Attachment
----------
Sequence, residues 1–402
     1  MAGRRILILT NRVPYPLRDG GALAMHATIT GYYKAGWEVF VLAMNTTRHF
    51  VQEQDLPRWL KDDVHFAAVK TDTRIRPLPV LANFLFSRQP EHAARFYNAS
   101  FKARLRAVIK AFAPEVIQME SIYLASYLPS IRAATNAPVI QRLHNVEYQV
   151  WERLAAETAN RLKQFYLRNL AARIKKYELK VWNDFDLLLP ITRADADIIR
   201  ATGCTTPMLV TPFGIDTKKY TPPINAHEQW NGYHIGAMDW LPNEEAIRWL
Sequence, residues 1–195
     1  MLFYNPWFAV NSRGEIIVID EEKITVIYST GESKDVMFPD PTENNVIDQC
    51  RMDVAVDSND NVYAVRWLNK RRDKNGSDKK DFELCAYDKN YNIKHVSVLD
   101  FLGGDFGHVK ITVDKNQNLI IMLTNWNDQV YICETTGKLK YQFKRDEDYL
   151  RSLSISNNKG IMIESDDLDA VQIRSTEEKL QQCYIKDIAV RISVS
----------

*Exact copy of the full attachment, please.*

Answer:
Sequence, residues 1–402
     1  MAGRRILILT NRVPYPLRDG GALAMHATIT GYYKAGWEVF VLAMNTTRHF
    51  VQEQDLPRWL KDDVHFAAVK TDTRIRPLPV LANFLFSRQP EHAARFYNAS
   101  FKARLRAVIK AFAPEVIQME SIYLASYLPS IRAATNAPVI QRLHNVEYQV
   151  WERLAAETAN RLKQFYLRNL AARIKKYELK VWNDFDLLLP ITRADADIIR
   201  ATGCTTPMLV TPFGIDTKKY TPPINAHEQW NGYHIGAMDW LPNEEAIRWL
Sequence, residues 1–195
     1  MLFYNPWFAV NSRGEIIVID EEKITVIYST GESKDVMFPD PTENNVIDQC
    51  RMDVAVDSND NVYAVRWLNK RRDKNGSDKK DFELCAYDKN YNIKHVSVLD
   101  FLGGDFGHVK ITVDKNQNLI IMLTNWNDQV YICETTGKLK YQFKRDEDYL
   151  RSLSISNNKG IMIESDDLDA VQIRSTEEKL QQCYIKDIAV RISVS